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Definitions of put

  1. To steer; to shoot; to germinate. To put forth, to shoot; to bud. To put in, to enter a harbour. To put on, to urge motion. To put up, to lodge. To put up with, to overlook. Nuttall's Standard dictionary of the English language. By Nuttall, P.Austin. Published 1914.
  2. To place; to lay; as, to put a book on the table; to cause to be in any state or condition; as, to put to shame; to put to flight; state; propose; as, to put a question; apply; as, to put one's mind on one's work; lay or deposit; as, to put money in a bank; throw in; state in words; as, to put one's thought into writing; shoot out or send forth. The Winston Simplified Dictionary. By William Dodge Lewis, Edgar Arthur Singer. Published 1919.
  3. To push or thrust: to drive into action: to throw suddenly, as a word: to set, lay, or deposit: to bring into any state: to offer: to propose: to apply: to oblige: to incite: to add. The american dictionary of the english language. By Daniel Lyons. Published 1899.
  4. To place; set; lay; propose. The Clarendon dictionary. By William Hand Browne, Samuel Stehman Haldeman. Published 1894.
  5. To set; lay; place; express; render; commit; apply; urge. The Concise Standard Dictionary of the English Language. By James Champlin Fernald. Published 1919.
  6. To place: to turn:-pr.p. putting (poot'-); pa.t. and pa.p. put. The american dictionary of the english language. By Daniel Lyons. Published 1899.
  7. To move; steer. The Clarendon dictionary. By William Hand Browne, Samuel Stehman Haldeman. Published 1894.
  8. estimate; "We put the time of arrival at 8 P.M." Scrapingweb Dictionary DB
  9. adapt; "put these words to music" Scrapingweb Dictionary DB
  10. cause (someone) to undergo something; "He put her to the torture" Scrapingweb Dictionary DB
  11. cause to be in a certain state; cause to be in a certain relation; "That song put me in awful good humor" Scrapingweb Dictionary DB
  12. A pit. Newage Dictionary DB
  13. 3d pers. sing. pres. of Put, contracted from putteth. Newage Dictionary DB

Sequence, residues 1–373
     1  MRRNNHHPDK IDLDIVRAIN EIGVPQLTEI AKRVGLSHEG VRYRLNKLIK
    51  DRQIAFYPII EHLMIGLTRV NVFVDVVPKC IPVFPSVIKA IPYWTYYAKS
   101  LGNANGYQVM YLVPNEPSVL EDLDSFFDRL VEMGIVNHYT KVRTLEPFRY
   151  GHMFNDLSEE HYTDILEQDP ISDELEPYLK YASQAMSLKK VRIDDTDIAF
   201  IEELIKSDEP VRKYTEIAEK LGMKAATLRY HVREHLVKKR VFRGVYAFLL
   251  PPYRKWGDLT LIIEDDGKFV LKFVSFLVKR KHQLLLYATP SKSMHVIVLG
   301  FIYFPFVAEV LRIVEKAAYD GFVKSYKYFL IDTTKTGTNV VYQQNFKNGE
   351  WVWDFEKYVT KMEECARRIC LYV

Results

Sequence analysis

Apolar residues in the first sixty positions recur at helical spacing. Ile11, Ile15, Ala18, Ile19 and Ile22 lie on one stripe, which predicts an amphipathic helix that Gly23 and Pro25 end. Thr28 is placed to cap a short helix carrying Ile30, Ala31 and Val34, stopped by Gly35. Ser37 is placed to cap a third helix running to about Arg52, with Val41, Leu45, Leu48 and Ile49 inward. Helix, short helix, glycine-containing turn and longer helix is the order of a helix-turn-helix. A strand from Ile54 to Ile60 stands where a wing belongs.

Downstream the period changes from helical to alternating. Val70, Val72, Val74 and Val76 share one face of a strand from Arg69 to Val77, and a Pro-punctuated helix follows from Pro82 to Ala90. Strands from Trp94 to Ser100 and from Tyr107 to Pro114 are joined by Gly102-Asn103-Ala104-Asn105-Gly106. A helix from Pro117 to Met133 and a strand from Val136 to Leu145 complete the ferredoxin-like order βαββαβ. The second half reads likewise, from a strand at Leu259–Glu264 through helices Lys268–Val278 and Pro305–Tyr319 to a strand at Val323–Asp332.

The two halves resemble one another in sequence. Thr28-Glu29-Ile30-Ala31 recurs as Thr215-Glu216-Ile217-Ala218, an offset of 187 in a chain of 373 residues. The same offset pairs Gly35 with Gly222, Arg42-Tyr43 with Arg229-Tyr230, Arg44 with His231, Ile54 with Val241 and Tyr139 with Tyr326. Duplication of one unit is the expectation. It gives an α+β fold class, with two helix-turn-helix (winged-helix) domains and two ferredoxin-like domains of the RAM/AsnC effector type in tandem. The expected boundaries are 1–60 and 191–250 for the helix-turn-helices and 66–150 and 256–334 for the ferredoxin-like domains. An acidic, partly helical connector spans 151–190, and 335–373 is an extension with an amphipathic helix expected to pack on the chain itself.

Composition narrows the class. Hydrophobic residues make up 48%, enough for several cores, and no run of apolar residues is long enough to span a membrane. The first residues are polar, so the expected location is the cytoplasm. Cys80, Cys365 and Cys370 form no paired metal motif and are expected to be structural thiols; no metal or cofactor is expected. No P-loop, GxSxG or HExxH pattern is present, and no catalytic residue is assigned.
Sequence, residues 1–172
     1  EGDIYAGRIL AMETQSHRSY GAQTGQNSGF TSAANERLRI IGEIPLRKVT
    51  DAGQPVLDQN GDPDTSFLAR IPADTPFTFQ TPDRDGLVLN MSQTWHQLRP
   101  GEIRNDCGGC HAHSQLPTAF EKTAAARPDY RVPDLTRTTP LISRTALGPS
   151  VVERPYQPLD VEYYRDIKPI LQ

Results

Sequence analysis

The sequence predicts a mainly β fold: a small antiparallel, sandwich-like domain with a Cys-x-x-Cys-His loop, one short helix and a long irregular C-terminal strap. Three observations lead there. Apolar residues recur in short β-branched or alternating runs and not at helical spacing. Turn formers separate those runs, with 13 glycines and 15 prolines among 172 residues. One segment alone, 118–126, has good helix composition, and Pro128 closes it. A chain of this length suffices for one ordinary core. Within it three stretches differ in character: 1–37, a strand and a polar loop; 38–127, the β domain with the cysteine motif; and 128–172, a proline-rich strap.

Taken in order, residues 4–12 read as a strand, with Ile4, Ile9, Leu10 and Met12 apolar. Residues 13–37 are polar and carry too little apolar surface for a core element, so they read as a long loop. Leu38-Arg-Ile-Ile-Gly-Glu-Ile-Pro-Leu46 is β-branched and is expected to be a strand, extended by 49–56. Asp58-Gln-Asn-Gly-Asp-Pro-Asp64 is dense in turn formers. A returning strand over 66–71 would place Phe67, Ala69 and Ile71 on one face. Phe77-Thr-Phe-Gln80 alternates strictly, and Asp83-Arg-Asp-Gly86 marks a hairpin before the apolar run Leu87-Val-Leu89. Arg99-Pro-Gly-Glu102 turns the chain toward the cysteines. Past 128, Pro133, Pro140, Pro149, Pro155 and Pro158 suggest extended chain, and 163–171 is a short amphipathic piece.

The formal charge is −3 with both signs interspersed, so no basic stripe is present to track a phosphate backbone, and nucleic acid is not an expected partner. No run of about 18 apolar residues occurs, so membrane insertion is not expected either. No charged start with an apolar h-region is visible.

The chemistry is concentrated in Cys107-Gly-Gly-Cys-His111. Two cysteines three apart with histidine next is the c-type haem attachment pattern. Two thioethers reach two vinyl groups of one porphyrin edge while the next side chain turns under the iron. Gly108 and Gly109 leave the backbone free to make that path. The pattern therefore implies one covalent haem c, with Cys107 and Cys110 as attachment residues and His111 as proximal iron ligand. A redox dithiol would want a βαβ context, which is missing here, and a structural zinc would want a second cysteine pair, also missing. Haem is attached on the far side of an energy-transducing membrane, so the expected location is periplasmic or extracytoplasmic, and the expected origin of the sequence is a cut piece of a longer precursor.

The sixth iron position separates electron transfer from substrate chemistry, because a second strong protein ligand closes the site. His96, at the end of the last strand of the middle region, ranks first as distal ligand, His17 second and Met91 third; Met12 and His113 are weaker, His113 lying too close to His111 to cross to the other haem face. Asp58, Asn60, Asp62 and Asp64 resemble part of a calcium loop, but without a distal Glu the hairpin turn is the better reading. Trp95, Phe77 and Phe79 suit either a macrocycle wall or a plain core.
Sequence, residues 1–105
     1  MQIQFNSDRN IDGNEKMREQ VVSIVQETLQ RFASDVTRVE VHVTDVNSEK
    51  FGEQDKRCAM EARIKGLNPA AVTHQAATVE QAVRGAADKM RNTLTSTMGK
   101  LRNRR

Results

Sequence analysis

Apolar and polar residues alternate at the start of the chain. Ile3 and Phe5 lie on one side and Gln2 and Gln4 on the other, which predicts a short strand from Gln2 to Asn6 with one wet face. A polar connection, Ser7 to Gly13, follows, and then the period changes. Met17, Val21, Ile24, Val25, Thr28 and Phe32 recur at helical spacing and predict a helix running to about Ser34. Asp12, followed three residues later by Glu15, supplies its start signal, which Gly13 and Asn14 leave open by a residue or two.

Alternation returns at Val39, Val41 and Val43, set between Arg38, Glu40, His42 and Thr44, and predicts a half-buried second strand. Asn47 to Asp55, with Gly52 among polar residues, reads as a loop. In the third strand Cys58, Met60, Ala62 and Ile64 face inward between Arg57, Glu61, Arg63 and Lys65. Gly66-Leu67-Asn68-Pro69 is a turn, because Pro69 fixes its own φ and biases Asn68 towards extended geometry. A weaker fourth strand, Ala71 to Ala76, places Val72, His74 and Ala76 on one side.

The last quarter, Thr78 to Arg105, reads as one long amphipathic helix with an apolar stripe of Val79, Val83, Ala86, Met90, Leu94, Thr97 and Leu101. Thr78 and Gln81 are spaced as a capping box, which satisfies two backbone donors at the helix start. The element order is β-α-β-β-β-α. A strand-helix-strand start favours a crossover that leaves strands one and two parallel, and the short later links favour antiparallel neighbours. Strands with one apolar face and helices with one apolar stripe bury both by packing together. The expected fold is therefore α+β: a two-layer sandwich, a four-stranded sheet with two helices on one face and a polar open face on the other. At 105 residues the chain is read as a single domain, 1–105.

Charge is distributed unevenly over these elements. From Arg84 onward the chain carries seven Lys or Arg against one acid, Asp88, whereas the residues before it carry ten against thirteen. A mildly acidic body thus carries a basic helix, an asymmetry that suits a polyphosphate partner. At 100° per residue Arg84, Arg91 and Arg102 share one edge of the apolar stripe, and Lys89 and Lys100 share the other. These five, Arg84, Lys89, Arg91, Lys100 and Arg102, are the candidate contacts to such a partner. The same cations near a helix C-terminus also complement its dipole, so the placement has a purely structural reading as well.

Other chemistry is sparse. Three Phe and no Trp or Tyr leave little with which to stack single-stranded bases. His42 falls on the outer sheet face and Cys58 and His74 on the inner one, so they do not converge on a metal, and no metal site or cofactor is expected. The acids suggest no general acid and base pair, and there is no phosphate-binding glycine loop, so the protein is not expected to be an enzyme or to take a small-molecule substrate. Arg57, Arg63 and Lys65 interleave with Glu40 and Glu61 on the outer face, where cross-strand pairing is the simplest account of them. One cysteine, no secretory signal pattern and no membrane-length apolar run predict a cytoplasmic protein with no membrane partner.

14. A rustic; a clown; an awkward or uncouth person. Newage Dictionary DB
  15. of Put Newage Dictionary DB
  16. To move in any direction; to impel; to thrust; to push; -- nearly obsolete, except with adverbs, as with by (to put by = to thrust aside; to divert); or with forth (to put forth = to thrust out). Newage Dictionary DB
  17. To bring to a position or place; to place; to lay; to set; figuratively, to cause to be or exist in a specified relation, condition, or the like; to bring to a stated mental or moral condition; as, to put one in fear; to put a theory in practice; to put an enemy to fight. Newage Dictionary DB
  18. To attach or attribute; to assign; as, to put a wrong construction on an act or expression. Newage Dictionary DB
  19. To lay down; to give up; to surrender. Newage Dictionary DB
  20. To set before one for judgment, acceptance, or rejection; to bring to the attention; to offer; to state; to express; figuratively, to assume; to suppose; -- formerly sometimes followed by that introducing a proposition; as, to put a question; to put a case. Newage Dictionary DB
  21. To incite; to entice; to urge; to constrain; to oblige. Newage Dictionary DB
  22. To throw or cast with a pushing motion "overhand," the hand being raised from the shoulder; a practice in athletics; as, to put the shot or weight. Newage Dictionary DB
  23. To convey coal in the mine, as from the working to the tramway. Newage Dictionary DB
  24. To go or move; as, when the air first puts up. Newage Dictionary DB
  25. To steer; to direct one's course; to go. Newage Dictionary DB
  26. To play a card or a hand in the game called put. Newage Dictionary DB
  27. The act of putting; an action; a movement; a thrust; a push; as, the put of a ball. Newage Dictionary DB
  28. A privilege which one party buys of another to "put" (deliver) to him a certain amount of stock, grain, etc., at a certain price and date. Newage Dictionary DB